Article Date: 4/1/2014

BUSINESS: coding strategy
BUSINESS

  coding strategy

Ocular Allergy Codes

The season of “the itch” is upon us.

JOHN RUMPAKIS, O.D., M.B.A.

After what many consider to be one of the worst winters in recent memory, the emergence of sunshine and warm weather brings another season to nearly 50% of the U.S. population: allergy season.

Ocular allergy, experienced by the majority of those who suffer from general seasonal allergies, will soon present itself in our practices on a daily basis.

The diagnosis and treatment of ocular allergy is often the foundation of the therapeutic optometric practice — it is prevalent within the population, and the diagnosis and treatment of the disease are well established. Optometrists often don’t recognize the work they do in the differential diagnosis, clinical tests and medical decision making when treating ocular allergy and often code the professional encounter improperly.

The allergy diagnosis would, at first blush, seem to be easy and straight forward; however, other ocular diseases can masquerade as allergy, and the ocular allergy patient often presents with comorbidities, such as OSD.

One of the best diagnostic tools available is a thorough and accurate patient history. The diagnostic testing required to accurately identify and differentiate allergy from other ocular disease processes is often encompassed within the evaluation and management codes or the general ophthalmic evaluation codes.

Common ICD-10 Allergy Codes

The ICD-10 codes for allergic conjunctivitis could include (list not inclusive):

H10.011 ....... Acute follicular conjunctivitis, right eye

H10.012 ....... Acute follicular conjunctivitis, left eye

H10.013 ....... Acute follicular conjunctivitis, bilateral

H10.019 ....... Acute follicular conjunctivitis, unspecified eye

H10.021 ....... Acute atopic conjunctivitis, right eye

H10.022 ....... Acute atopic conjunctivitis, left eye

H10.023 ....... Acute atopic conjunctivitis, bilateral

H10.029 ....... Acute atopic conjunctivitis, unspecified eye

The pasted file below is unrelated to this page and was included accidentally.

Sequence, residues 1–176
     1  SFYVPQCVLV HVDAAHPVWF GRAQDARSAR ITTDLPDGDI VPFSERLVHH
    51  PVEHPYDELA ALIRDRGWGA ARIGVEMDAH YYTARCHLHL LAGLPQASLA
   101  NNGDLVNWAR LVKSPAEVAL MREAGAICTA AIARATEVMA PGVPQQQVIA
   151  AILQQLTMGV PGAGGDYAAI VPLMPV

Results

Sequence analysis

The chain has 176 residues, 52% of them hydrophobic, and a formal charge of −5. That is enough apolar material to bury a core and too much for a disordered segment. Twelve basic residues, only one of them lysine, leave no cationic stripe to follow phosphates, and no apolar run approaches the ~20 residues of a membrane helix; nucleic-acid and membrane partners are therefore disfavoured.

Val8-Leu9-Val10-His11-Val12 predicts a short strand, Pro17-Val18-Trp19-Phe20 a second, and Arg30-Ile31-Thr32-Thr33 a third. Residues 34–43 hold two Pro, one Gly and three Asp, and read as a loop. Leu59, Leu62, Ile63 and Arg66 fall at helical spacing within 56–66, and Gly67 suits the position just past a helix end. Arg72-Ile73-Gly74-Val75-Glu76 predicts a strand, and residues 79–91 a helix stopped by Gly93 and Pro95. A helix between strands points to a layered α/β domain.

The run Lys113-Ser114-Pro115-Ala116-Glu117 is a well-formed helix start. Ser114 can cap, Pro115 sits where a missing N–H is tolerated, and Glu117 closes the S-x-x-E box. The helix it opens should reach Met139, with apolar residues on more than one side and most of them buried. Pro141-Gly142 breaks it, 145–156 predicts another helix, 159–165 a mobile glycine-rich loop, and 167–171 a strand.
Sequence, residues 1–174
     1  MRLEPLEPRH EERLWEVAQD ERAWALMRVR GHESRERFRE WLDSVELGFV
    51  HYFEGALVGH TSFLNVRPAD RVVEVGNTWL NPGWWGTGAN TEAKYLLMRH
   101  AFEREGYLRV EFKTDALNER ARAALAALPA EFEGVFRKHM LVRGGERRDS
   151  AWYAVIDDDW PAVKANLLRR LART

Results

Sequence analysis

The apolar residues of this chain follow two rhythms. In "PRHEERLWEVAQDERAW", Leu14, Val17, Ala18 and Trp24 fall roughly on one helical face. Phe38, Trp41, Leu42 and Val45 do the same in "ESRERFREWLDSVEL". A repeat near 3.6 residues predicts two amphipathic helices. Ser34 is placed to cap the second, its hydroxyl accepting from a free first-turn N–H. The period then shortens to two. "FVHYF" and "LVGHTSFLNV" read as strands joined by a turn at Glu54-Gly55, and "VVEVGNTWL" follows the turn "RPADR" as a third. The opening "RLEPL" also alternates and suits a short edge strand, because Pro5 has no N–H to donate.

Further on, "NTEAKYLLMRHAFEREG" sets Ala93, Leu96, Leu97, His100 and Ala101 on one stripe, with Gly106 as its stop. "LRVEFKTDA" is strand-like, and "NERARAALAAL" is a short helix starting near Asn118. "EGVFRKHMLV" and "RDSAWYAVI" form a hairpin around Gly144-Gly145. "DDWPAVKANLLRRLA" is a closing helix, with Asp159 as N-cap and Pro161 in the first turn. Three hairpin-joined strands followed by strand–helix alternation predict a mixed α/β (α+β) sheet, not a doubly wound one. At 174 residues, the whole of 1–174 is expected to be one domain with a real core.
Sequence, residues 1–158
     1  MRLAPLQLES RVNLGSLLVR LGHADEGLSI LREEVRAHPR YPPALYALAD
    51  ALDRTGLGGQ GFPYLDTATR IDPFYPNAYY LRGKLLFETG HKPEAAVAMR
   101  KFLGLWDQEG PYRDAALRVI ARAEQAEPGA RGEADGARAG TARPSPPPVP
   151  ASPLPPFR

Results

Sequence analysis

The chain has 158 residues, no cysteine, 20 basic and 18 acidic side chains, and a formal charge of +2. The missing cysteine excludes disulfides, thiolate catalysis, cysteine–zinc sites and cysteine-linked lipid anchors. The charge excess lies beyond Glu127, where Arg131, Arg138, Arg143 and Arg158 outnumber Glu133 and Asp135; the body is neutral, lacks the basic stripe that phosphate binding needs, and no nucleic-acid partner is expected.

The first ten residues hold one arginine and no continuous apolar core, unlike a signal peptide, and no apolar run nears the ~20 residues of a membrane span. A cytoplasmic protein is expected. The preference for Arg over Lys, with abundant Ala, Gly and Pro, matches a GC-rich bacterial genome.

H10.411 ....... Chronic giant papillary conjunctivitis, right eye

H10.412 ....... Chronic giant papillary conjunctivitis, left eye

H10.413 ....... Chronic giant papillary conjunctivitis, bilateral

H10.419 ....... Chronic giant papillary conjunctivitis, unspecified eye

H10.44 ....... Vernal conjunctivitis

H10.45 ....... Other chronic allergic conjunctivitis

Assuming the patient presents with a chief complaint related to ocular allergy, the most common CPT code choices are 92002, 92012, 99202, 99203, 99212 and 99213. Diagnostic tests that might be used in your differential diagnosis might include Schirmer’s test or Phenol Red Thread tear test, tear break-up time, vital dye staining evaluation or slit lamp evaluation with or without lid eversion. These tests are included in the office visit code that is appropriate for the visit complexity and are based upon the medical necessity documented in the medical record. (See “Common ICD-10 Allergy Codes,” below.)

The coding for an allergy patient is not complex, but make sure you base your office visit and clinical tests performed upon the medical necessity of the situation (specific to the patient), and the appropriate diagnosis. Appropriately document any comorbidities that you have diagnosed and are managing, as that can increase the complexity of the medical decision-making component of the E/M codes. OM


DR. RUMPAKIS IS FOUNDER, PRESIDENT AND CEO OF PRACTICE RESOURCE MANAGEMENT, INC., A CONSULTING, APPRAISAL AND MANAGEMENT FIRM FOR HEALTHCARE PROFESSIONALS. E-MAIL HIM AT JOHN@PRMI.COM, OR SEND COMMENTS TO OPTOMETRICMANAGEMENT@GMAIL.COM.



Optometric Management, Volume: 49 , Issue: April 2014, page(s): 61